Before we calculate the electrochemical potential of these concentration cells, let's review some basic principles associated with concentration cells. In a concentration cell. We have the exact same species that could be oxidized or reduced in both compartments, the an ode and the cathode. For this particular concentration cell, one compartment contains the silver ion at a one molar concentration, and the other one contains the silver ion at some specified concentration. Both electrodes themselves are pure silver in a concentration sell. The electrons move in such a fashion to make the concentrations in both of the half sales equal. So if we have a high concentration of silver here, then that means electrons need to come towards this half cell so that they can combine with silver and decrease this silver concentration so that it equals the lower concentration in the other half cell. If, however, the other half cell has a higher concentration, then electrons they're going to go from left to right to decrease this higher concentration until it equals this lower concentration, so to review in a concentration cell that contains cat ions such as this one, electrons will always flow from the low concentration half cell, which will be the an ode to the high concentration half cell, which will be the cathode, remembering that electrons always flow from the an ode to the cathode and with the concentration cell containing cat ions, the lower concentration half cell is going to be the an ode. Let's identify these half cells as a and be. This will help us. We answer the rest of the questions. Here is the reduction half reaction of silver. I am going to silver solid, so we recognize that the Silver Ion is a reactant. This will be important when we employ the Nerdist equation for part A. The second half cell has the same concentration as the first half cell. If the two concentrations were equal, namely, they're both one Mueller, then the cell potential is going to be zero based on what we just talked about. If there's no difference in concentration, we've reached a state of equilibrium. Electrons cannot flow. There is no cathode. Nor is there an an ode, and the self potential is zero in Part B. We have this half cell with a higher concentration to Mueller instead of one Mueller. So based on what we just talked about up here Electrons air, then going to flow from a which is the lower concentration which is theano to be, which is the higher concentration which will be the cathode. We can calculate the cell potential by taking the Catholic potential minus theano potential. Each of these potentials could be determined using the nursed equation where e cathode is going to be equal to the standard reduction potential of silver minus 0.5912 divided by N and is going to be one multiplied by the log of the concentration of anything that has a changing concentration. That's a product. Our product is a solid. So we just put a one there divided by the concentration of silver in the cathode compartment. And we identified the cathode compartment to be be with the higher concentration of to Mueller. So we have a two down here minus the concentration of the an ode. I'm sorry. The potential of theano reduction potential of the Anote, which will be the standard production potential of silver minus again 0.5912 divided by an which is one the log of one over one, Mueller and this gives us a self potential of 0.18 volts. For part C, we have a lower concentration 0.1 Moeller in Compartment B than we do in Compartment A. So electrons air going to flow in the opposite direction. Based on what we mentioned appear, electrons will flow from B, which is the lower concentrate concentrated half cell to A, which is the higher concentrated half cell. A. Now being the cathode, be being the an ode will calculate. Self potential is the same way that we did before, where we've got our cathode, which were defining as a, which has one Mueller concentration. So it's standard reduction potential of silver minus 0.5912 over in, which is one log of one for the product. Silver divided by one for the molar ity of Silver Ion and then in compartment be. It'll be the same thing, but the concentration is going to be 0.1 Mueller for the Silver Ion, and we'll get a cell potential 0.59 Vault's. And for part D, we haven't even lower concentration in compartment B four times, 10 to the negative. Five electrons air going to flow in the same direction as we described in C. Because Compartment B has a lower concentration than compartment A. So electrons will flow from Compartment B, which will be the an ode to Compartment A, which will be the cathode. The set up is the same as we did before to calculate the self potential. However, now in Compartment de, we're going to have a concentration of four times 10 to the negative five Mueller. We can then calculate ourself potential to be 0.260 volts. How for the last one e it asks. What if both of these were 0.1 Mueller Well, if both of them are 0.1 Moeller instead of one Moeller, the same result will occur. The two concentrations air equal, so there's no cathode. There's no an ode. There's no flow of electrons, and the cell potential is also zero. This will be the result when these two concentrations are equal, regardless of what those concentrations are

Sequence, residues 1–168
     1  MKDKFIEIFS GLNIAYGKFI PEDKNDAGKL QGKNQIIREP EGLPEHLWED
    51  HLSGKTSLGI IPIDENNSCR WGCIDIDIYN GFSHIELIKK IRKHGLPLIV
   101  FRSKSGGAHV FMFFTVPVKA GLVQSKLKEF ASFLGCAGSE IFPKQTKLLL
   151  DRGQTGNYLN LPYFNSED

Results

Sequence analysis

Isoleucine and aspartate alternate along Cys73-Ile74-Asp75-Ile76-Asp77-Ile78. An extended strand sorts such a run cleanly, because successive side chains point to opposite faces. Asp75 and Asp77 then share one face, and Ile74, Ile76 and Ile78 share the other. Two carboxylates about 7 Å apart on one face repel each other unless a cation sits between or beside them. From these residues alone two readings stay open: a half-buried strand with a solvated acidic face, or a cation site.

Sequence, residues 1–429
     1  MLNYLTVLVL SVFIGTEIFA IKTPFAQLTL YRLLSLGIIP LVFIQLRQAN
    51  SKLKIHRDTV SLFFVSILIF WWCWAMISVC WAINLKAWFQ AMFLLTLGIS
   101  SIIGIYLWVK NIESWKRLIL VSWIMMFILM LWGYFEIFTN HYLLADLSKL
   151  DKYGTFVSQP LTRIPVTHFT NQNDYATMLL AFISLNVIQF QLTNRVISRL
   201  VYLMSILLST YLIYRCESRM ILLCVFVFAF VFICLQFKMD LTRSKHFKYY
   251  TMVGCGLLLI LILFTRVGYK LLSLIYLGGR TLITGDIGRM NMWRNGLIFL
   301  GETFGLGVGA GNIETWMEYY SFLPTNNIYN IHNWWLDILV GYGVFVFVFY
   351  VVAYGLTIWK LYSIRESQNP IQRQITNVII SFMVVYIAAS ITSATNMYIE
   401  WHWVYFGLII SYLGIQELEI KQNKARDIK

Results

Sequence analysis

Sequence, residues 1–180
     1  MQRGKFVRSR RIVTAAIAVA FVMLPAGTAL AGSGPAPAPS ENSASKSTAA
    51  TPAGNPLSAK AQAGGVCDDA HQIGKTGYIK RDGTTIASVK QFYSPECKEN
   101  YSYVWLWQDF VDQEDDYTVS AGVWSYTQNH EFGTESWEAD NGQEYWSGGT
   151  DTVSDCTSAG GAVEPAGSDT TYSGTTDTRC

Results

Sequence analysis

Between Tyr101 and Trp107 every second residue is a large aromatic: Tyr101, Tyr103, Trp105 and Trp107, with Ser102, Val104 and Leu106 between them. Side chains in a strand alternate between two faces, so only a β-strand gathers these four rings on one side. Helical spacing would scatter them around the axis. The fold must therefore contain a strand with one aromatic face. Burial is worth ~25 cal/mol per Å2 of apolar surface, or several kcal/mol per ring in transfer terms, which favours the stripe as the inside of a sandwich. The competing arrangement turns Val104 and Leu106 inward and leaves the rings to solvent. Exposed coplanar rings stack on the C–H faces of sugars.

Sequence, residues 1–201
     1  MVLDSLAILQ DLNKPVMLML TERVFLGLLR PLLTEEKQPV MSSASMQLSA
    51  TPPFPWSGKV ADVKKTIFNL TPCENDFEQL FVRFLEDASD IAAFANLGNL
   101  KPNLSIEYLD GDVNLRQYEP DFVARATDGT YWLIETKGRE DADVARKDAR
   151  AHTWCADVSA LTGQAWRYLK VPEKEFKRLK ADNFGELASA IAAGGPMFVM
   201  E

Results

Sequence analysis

I ordered an Through all parts of this particular question, it's helpful to write the nursed equation for a concentration cell. That Ernst Equation for a concentration cell is always a this form where we hav e cell is equal t cell standard, which will always be zero minus 00.5916 divided by an log of we always have the an old concentration on in the numerator and the Catholic concentration in the denominator so that we get a positive E cell where the an old compartment concentration is always the lower one and the Catholic compartment concentration is always the higher one. That way this ratio will be less than one, giving us a lot of value that is negative. And then, with this negative right here, we're going to end up with a positively cell, which is what we need for the concentration. So so then it becomes relatively easy. He self, for the 1st 1 will be zero because thes two concentrations will be one and the log of 10 So everything ends up being zero, and then for B, we've got one side with one Moeller that will be the an ode, and that's a lower concentration divided by the cathode gives us in any celeb 0.18 the 2nd 1 We now have 0.1 Moeller and one Moeller. So the 10.1 Mueller goes on top. It's smaller, divided by the one Moeller, we get a positive 0.5916 Then we have a really small one. That one's gonna go on top and be the antidote. And then one Moeller for the other compartment will be the cathode 10.26 volts. And then, if both of them are 0.1 Moeller, same thing potential will be zero. And electrons always slow from whatever we define the Catholic. I'm sorry the animal to be to whatever we define the Catholic to be.